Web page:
We are FAMILY: What You Need to Know About Family Offices

Let’s pause for a moment and think about your family. Now let’s imagine that your family had a substantial quantity of wealth (maybe they do, in which case, we should probably be friends), and they wanted to invest that wealth into companies … startup companies to be precise. Wouldn’t that be awesome?

Welcome to the world of family offices, “the little-known money managers that run the fortunes of the world’s richest individuals … to team up with likeminded peers for direct investment in companies” (source). Now you may be thinking, I’m never going to run into these types of people. In recent years, family offices have become much more prevalent, especially in the startup and entrepreneurial scene. They’ve traded their traditional secrecy and instead have embraced venture capital like deals, but without charging the high fees generally associated with private equity or venture capital firms.

Okay, break it down for me. What exactly is a family office?

A family office is a private investment firm established specifically for the purpose of managing a family’s wealth.

So what exactly do they do?

Family offices allow wealthy families to directly invest their wealth in private companies or through other investments. Often, their investments are the result of entrepreneurial drive. Many made their money from starting companies themselves, which allows them to provide guidance and strategy, as well as investment. Until recently, they had used third parties to choose their investments (read, private equity firms). Now, however, they are choosing to invest more directly and gaining more control over their own investments.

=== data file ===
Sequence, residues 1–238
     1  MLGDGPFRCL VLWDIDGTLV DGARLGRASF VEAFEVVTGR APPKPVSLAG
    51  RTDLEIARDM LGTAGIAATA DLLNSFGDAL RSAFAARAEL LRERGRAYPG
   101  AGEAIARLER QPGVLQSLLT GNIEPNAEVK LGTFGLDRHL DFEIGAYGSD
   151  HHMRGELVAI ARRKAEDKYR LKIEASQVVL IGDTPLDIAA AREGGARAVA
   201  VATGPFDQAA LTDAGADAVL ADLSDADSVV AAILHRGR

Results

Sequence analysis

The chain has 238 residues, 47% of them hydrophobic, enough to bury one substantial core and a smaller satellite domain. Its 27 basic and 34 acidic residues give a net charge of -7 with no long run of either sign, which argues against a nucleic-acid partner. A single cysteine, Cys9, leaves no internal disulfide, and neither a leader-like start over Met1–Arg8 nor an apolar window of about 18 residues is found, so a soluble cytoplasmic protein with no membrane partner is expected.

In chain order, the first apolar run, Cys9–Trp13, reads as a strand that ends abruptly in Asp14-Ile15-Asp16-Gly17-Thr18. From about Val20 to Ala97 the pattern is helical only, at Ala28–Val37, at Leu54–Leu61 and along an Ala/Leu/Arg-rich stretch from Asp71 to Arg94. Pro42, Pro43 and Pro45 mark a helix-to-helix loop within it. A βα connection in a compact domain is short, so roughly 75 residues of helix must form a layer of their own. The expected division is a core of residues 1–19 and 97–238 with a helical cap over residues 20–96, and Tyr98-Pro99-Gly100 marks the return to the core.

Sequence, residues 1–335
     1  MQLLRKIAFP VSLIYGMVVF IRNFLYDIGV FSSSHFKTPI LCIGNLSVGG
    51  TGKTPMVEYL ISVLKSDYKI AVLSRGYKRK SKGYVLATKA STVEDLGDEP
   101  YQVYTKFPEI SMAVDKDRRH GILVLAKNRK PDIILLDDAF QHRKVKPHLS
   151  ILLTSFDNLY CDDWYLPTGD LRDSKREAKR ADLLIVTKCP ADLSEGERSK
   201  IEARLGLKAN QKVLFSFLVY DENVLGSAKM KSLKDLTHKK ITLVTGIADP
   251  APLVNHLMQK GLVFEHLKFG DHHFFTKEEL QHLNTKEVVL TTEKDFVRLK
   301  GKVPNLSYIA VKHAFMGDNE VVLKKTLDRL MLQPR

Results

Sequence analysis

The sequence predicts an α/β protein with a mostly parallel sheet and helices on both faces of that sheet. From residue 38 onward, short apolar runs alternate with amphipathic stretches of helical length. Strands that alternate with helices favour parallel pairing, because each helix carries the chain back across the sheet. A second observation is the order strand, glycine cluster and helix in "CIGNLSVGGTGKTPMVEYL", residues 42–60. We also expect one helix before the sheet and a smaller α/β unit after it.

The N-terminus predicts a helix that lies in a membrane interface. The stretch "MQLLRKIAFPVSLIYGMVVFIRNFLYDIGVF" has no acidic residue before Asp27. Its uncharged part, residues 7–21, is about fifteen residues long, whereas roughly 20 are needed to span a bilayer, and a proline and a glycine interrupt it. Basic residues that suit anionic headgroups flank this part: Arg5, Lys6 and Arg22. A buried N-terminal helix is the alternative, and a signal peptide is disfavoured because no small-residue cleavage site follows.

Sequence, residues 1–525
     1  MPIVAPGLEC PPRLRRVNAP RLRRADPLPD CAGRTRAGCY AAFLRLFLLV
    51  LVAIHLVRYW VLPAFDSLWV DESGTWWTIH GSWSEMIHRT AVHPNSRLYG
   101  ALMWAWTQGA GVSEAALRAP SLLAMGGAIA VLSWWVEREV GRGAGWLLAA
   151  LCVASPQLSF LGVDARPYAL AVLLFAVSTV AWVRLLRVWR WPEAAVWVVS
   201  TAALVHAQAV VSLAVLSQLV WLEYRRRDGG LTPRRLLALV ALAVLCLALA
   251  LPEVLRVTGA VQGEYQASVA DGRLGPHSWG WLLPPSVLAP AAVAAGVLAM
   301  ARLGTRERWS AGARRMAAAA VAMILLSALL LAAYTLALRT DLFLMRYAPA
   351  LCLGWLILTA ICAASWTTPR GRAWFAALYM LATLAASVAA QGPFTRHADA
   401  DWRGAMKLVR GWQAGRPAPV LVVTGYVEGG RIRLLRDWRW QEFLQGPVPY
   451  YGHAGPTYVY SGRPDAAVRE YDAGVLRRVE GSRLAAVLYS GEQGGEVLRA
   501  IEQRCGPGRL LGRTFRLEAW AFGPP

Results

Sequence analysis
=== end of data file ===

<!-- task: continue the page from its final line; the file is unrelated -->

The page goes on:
In 2014, 77 percent of respondents polled by McNally Capital said they preferred direct deals over going through private equity firms. This is up from 59 percent in 2010.

In addition, family offices often have other responsibilities, such as managing the philanthropic pursuits of the family and their estate plans.

What are some reasons I would consider this?

As with any business decision, there are both pros and cons. Here are a few to consider:

  • Long term partnership. For sellers (that’s you), you get a long-term partner with industry expertise. In other words, they built their own company and now they want to share that experience with you.
  • Building a legacy. Family offices are often more invested in legacy issues, which gives sellers peace of mind, especially if you’re not planning to exit the business fully.
  • Potentially lower fees. There could be lower fees because they’re investing directly, rather than through a private equity or venture capital firm.
  • Less control and influence. Most family offices consider themselves passive investors. What does this mean? They typically want to invest, but not take over control of management and operations.
  • Investment bias. Families often bring “substantial investment biases to how they want to invest the money” (source), which may lead to high risk investments, requiring a large amount of due diligence in advance of the investment.
  • Flexible timelines. Because they’re controlling their own wealth, family offices can make quick decisions and alter timelines and investment deals as things occur. One example of this is their ability to hold companies for longer periods, allowing them the access to capital they need to fully realize their intended strategies and goals.

So these sound pretty great. Where do I sign up?

The most important thing you can do is really consider what you want from a sale or investment in your business. There are a number of factors to consider including:

What percentage of the business do you want to own?

How much say do you want to have in your business?

Do you want to exit fully or stay on board?

These are just a few of the things to consider when looking at investment and sale opportunities. No, it’s not an easy decision. But it’s an important one.


One comment on “We are FAMILY: What You Need to Know About Family Offices

  1. […] lucrative time to sell. But wait, there’s more. Because this is such a fun party to be at, family offices have also entered the market as interested buyers. This competition forces buyers to be prepared, […]


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